The Dispensable Lives of Soldiers

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The Dispensable Lives of Soldiers

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Title: The Dispensable Lives of Soldiers
Author: Blum, Gabriella
Citation: Gabriella Blum, The Dispensable Lives of Soldiers, 2 J. Legal Analysis 69 (2010).
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Abstract: Why are all soldiers fair game in war? The laws of war, under their current interpretation, divide up populations into two classes – that of civilians and that of combatants – and accord each its own set of privileges and obligations. Taken together, the legal principles of military necessity and distinction strike up a bargain by which combatants are to be sacrificed for the protection of civilians. Under this bargain, all soldiers are fair game, regardless of their role, function, or the degree of threat they pose at any particular moment. Consequently, the killing of retreating soldiers in Iraq, the attack on officials meeting in Korea or shooting soldiers playing soccer in Bosnia – are all legitimate military operations.

This paper challenges the status-based distinction of the laws of war, which has so far been widely accepted by international law scholars, calling instead for revised targeting doctrines that would place further limits on the killing of enemy soldiers. My argument stems from a recognition of the value of all human life, including that of enemy soldiers. I argue that the changing nature of wars – the decline in the importance of any generic ‘combatant,’ the growing civilianization of the armed forces, and the advance in technology – casts doubts on the necessity of killing all enemy soldiers indiscriminately.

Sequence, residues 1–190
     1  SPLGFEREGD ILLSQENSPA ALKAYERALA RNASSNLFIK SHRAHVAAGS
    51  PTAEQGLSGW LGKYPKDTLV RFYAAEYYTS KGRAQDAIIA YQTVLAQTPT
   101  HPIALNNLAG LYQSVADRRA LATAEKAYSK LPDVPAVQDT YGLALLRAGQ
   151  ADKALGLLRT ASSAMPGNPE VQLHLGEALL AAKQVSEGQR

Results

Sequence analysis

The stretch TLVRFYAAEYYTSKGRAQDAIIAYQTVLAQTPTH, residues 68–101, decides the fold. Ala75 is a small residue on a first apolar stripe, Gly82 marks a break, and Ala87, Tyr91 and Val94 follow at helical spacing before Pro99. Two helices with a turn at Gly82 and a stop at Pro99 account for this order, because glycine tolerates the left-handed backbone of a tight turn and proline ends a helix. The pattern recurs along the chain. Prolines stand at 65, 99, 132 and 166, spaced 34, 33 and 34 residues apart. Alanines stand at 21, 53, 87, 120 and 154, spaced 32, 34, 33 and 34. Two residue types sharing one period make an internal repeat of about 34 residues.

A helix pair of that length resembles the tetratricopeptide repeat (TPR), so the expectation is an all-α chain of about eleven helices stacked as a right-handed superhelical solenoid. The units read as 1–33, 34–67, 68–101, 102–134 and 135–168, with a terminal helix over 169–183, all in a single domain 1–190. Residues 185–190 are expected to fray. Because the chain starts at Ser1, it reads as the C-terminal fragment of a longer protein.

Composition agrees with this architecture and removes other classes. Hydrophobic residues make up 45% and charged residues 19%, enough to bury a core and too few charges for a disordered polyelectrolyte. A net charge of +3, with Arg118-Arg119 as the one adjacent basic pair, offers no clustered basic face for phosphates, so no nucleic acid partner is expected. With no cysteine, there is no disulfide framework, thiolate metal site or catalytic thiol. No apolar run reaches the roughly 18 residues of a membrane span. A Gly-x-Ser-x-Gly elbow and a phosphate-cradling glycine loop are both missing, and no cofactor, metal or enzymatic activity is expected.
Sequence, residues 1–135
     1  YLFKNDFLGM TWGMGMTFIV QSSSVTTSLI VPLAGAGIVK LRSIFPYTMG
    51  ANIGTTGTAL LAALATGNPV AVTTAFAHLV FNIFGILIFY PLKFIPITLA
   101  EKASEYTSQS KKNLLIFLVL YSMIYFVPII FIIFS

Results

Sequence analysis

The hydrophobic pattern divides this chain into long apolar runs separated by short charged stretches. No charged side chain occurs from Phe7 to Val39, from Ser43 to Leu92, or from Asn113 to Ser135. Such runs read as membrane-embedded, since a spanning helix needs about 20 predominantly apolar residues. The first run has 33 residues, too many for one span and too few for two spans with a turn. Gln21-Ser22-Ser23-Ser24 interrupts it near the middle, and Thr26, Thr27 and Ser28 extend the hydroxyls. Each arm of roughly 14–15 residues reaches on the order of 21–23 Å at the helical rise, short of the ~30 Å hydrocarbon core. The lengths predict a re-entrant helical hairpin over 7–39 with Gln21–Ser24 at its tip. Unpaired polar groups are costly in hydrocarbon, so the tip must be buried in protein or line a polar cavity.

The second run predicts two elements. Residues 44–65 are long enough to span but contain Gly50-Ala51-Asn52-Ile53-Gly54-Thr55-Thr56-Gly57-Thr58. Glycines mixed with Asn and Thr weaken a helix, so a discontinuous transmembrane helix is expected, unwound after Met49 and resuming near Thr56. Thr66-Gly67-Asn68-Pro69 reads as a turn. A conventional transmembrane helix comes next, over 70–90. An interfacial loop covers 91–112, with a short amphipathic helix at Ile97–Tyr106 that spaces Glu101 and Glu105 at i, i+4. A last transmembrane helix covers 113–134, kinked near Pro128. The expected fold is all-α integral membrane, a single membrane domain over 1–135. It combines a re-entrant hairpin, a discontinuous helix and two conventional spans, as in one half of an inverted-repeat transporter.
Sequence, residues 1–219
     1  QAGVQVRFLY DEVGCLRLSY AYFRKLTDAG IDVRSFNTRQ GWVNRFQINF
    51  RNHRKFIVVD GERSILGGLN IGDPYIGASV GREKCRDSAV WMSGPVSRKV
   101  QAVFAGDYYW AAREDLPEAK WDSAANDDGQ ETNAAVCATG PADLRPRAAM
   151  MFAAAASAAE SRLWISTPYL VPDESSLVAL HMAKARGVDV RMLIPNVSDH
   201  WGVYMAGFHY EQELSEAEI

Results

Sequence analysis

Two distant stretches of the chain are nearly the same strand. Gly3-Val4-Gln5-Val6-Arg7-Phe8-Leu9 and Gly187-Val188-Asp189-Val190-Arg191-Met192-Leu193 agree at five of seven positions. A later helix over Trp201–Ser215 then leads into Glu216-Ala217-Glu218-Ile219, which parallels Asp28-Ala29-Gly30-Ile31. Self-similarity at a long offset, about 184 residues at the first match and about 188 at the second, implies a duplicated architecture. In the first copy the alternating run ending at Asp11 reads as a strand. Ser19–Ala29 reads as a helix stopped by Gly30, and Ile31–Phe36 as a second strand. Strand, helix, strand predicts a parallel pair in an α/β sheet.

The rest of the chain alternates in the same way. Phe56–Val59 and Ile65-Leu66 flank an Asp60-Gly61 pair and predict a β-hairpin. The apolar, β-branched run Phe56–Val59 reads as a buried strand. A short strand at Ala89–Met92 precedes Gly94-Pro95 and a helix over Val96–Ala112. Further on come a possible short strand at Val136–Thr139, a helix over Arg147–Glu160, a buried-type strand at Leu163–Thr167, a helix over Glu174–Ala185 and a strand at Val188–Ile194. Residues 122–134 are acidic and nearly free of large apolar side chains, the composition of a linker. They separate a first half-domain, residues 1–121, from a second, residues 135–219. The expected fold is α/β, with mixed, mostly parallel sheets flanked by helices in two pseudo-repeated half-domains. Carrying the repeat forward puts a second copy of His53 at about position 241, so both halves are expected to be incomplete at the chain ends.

I offer two amendments: The first is a reinterpretation of the principle of distinction, suggesting that the status-based classification be complemented by a test of threat. Consequently, combatants who pose no real threat would be spared from direct attack. The second is a reinterpretation of the principle of military necessity, introducing a least-harmful-means test, under which an alternative of capture or disabling of the enemy would be preferred to killing whenever feasible.

I discuss the practical and normative implications of adopting these amendments, suggesting some possible legal strategies of bringing them about.
Published Version: http://jla.oxfordjournals.org/content/2/1/115.full.pdf
Other Sources: http://papers.ssrn.com/sol3/papers.cfm?abstract_id=1457434
Terms of Use: This article is made available under the terms and conditions applicable to Open Access Policy Articles, as set forth at http://nrs.harvard.edu/urn-3:HUL.InstRepos:dash.current.terms-of-use#OAP
Citable link to this page: http://nrs.harvard.edu/urn-3:HUL.InstRepos:10880555
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